CHARLOTTESVILLE, Va. – The Fralin Museum of Art at the University of Virginia (UVA) has received a $250,000 American Art Program Responsive Grant from the Henry Luce Foundation to focus on the Museum’s Native North American Collections Project. The initiative will support new research and interpretation of the Native American collection to invigorate and advance the understanding and presentation of these artworks through engagement with Native scholars, artists, and knowledge holders.
The work undertaken for this project will foster new approaches to presenting the collection that are informed by Indigenous perspectives, leading to the publication of a major scholarly text, enhanced online presence, and the development of an innovative exhibition co-curated with Native collaborators.
“We are grateful to the Henry Luce Foundation for its support of this project and its recognition of the importance of the objects that have yet to be properly studied and made public,” said Matthew McLendon, J. Sanford Miller family director of The Fralin. “I know I speak for all at the Museum when I say we look forward to partnering with Native experts, learning from them so we can properly steward what is in our care.”
The core of The Fralin Museum of Art’s Native American collection was gifted to the University of Virginia in 1937 by Lady Nancy Astor to be housed in its newly constructed museum. The objects once decorated the Indian Hall in New York City’s Hotel Astor. Today, the institution’s collection of Native American art has grown to more than 700 works. It includes Plains beadwork and Southwestern pottery, textiles, and baskets from the late-19th to the mid-20th centuries and recent acquisitions of contemporary works by Wendy Red Star, Cara Romero, and Rick Barlow, among others.
Despite the collection’s growth, it remains understudied. This grant will allow The Fralin to engage with scholars, artists, and knowledge holders from source communities to document and publish the collection for the benefit of the scholarly and public audiences the Museum serves — especially the Native communities represented. Key activities include researching artworks for proper attribution and identification of materials, construction, provenance, and history to improve the Museum’s records and expand access to the collection. Print and online catalogs will examine the history of the collection and present artwork histories with nearly 400 images and essays by Native scholars and experts. The consultations will guide the production of new photography that is attentive to presenting details of the artwork with respect.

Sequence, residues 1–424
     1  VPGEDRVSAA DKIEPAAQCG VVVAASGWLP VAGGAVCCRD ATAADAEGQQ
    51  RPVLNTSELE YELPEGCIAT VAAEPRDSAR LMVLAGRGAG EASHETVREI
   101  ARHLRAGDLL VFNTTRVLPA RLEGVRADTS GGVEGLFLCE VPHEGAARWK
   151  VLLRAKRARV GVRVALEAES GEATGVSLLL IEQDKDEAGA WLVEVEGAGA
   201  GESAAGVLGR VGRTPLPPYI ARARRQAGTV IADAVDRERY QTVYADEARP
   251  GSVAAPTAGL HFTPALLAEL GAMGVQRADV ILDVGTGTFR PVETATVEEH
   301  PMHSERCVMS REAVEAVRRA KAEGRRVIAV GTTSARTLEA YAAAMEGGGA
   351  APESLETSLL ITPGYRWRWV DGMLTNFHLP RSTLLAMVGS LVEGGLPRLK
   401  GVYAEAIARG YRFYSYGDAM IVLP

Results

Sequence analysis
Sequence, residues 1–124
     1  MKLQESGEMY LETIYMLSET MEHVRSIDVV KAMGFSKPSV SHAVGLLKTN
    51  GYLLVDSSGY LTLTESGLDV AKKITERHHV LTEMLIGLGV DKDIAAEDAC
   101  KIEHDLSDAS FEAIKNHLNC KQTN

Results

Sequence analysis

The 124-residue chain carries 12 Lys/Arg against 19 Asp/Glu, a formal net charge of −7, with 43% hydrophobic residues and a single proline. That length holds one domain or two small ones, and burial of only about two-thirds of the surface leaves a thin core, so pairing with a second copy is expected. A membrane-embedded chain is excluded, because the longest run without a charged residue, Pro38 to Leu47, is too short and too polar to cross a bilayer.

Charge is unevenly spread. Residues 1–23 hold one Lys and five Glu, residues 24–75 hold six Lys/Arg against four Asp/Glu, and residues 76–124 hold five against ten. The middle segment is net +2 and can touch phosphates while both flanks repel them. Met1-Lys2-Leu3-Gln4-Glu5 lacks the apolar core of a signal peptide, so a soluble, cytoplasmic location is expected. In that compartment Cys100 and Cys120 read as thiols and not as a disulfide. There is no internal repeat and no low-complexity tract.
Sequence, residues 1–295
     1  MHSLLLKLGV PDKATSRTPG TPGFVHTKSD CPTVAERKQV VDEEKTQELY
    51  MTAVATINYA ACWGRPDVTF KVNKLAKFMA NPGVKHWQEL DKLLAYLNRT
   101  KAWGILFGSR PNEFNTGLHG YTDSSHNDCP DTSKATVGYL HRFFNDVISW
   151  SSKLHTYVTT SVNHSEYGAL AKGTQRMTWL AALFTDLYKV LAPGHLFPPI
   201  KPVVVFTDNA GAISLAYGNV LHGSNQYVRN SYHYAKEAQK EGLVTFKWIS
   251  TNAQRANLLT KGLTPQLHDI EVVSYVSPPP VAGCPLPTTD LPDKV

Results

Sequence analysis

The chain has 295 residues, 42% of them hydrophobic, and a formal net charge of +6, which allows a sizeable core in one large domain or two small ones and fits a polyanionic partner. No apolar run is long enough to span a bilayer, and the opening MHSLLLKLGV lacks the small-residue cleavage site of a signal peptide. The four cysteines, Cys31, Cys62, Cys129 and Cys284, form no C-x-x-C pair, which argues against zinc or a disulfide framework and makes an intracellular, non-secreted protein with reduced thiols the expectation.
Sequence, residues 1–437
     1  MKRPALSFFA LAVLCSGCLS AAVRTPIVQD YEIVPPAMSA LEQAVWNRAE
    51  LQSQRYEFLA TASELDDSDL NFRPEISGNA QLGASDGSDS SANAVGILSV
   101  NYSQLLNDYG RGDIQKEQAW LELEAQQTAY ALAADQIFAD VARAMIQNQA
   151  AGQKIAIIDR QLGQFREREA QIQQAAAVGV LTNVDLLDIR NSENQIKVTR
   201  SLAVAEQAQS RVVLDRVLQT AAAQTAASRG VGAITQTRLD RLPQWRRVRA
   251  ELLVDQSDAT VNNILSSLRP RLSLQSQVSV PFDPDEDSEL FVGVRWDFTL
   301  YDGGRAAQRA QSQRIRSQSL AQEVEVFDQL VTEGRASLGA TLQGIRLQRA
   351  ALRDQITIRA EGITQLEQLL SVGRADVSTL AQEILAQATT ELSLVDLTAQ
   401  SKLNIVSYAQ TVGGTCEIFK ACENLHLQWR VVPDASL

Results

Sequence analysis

In 2016, Adriana Greci Green, Ph.D. was named The Fralin’s first curator of Indigenous arts of the Americas. Greci Green’s preliminary research of the institution’s collection has resulted in new programs, courses, and installations, including a collaborative exhibition with four contemporary Native American artists, done in conversation with historic works in The Fralin’s collection. Funding from the Luce Foundation will enable new research and documentation to be carried out in consultation that reflects Indigenous experiences. As a result, The Fralin will strengthen and expand relationships with Native scholars and communities, forming a cornerstone of the ongoing decolonization of the collection.
Greci Green said, “We are honored to receive this support for the collaborative process needed to uncover the untold histories of these works of art, gain new insights into the lives and experiences of the artists who made them and reconnect these works to their communities of origin in new, meaningful ways.”
About The Fralin Museum of Art at the University of Virginia
Established in 1935, the University of Virginia Art Museum became The Fralin Museum of Art in 2012 in honor of a bequest of American art and service to the University by Cynthia and W. Heywood Fralin. The Museum maintains a collection of more than 13,000 works of art, including American and European painting, works on paper and sculpture from the 15th through the 21st centuries; art from the ancient Mediterranean; Asian art; and Native and ancient American art. Housed in a historic building near the Rotunda on the landmark UVA campus, The Fralin is dedicated to serving the widest possible audiences and engaging comprehensive visual education to enhance its visitors’ understanding of world cultures. Throughout the year, the Museum presents a diverse selection of exhibitions, programs, research, and events that bring the University and broader community together.
About The Henry Luce Foundation
The Henry Luce Foundation seeks to enrich public discourse by promoting innovative scholarship, cultivating new leaders, and fostering international understanding. The Foundation advances its mission through grantmaking and leadership programs in the fields of Asia, higher education, religion and theology, art, and public policy.
The Luce Foundation’s American Art Program supports innovative museum projects nationwide that advance the role of visual arts of the United States in an open and equitable society and the potential of museums to serve as forums for art-centered conversations that celebrate creativity, and explore differences and seek common ground. The Foundation empowers museums to reconsider accepted histories, foreground the voices and experiences of underrepresented artists and cultures, and welcome diverse communities into dialogue.
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